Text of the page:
I’m on a roll with this theme: exploring beautiful ways to find challenges entirely rewarding. (Small admission: it’s sort of the theme of my latest book project).
I covered the value of loneliness last week and hunting down difficulty to have a good life the week before. Now contradiction.
Again, Maria Popova at BrainPickings alerted me to a read I’d probably not find on my own. She pulled out some thoughts from Alfred Kazin’s Journal, which I’m now pulling out (the poor guy’s work has been shredded!).
Kazin writes about how the whole self-improvment industry has caused us to see life as something to fix. And contradictions as something to somehow fight/mesh together/solve. But why? Why do go against the grain of who we are…which is a bundle of contradictions. What if we saw life’s contradictions as more than just inevitable (to be accepted), but as good? Helpful?
This is the bit I liked:
Trust to the contradictions and see them all. Never annul one force to give supremacy to another. The contradiction itself is the reality in all its manifoldness. Man from his vantage point can see reality only in contradictions. And the more faithful he is to his perception of the contradiction, the more he is open to what there is for him to know. “Harmony” as an absolute good is for the gods, not for man.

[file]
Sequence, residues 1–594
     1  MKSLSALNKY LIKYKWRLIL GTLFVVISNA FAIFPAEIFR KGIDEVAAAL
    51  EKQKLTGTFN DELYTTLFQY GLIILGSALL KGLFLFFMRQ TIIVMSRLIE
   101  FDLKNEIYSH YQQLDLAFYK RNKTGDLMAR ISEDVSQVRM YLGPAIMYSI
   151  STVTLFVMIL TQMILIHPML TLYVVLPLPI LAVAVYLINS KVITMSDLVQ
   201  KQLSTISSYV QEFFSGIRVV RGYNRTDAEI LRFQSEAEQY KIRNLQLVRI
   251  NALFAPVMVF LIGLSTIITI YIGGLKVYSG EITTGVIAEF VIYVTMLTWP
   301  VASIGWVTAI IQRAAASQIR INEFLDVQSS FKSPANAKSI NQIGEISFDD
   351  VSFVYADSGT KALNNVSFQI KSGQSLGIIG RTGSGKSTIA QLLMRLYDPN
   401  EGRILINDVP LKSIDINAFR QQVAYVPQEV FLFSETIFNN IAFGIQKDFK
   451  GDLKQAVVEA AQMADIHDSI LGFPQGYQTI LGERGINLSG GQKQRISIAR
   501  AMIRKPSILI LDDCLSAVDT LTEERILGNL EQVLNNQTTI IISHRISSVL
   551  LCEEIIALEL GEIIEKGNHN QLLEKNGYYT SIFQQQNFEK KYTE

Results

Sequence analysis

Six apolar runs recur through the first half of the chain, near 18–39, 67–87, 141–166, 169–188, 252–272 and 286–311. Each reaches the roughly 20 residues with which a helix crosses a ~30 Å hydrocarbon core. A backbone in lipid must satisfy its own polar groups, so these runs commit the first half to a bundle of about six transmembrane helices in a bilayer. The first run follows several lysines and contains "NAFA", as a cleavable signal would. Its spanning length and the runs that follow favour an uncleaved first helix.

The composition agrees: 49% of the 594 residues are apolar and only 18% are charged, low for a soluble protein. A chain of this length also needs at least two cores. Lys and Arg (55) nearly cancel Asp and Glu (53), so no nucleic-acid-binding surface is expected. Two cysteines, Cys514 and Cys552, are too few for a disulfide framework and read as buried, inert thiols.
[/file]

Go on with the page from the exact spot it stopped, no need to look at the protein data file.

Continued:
He argues that when we face the above we don’t just find peace, we grow, we’re energised.
“(A) contradiction that is faced leads to true knowledge… Contradictions are on the surface, the symbols of deeper and more fertile forces that can unleash the most marvellous energy when they are embraced.
I find contradictions elusive, distressingly so. I’m highly strung and I seek order as a way to navigate the intensity in my being a little better. This is what a lot of highly strung people do. We try to clump things together, like a parent swopping through and bundling toys in piles. I make generalisations, sweeping statements. I see patterns. I count.
But I’ve been reflecting on the above rant a bit over the past few days. Much of my distress comes from the fact I can’t create the order. That it fails. And that it’s exhausting. The idea of not ordering, but facing the disorder – even seeking it out – really does alleviate the bulk of the anxiety.
Bloody self-help. It sent me on a path in the early nineties and I’ve suffered ever since!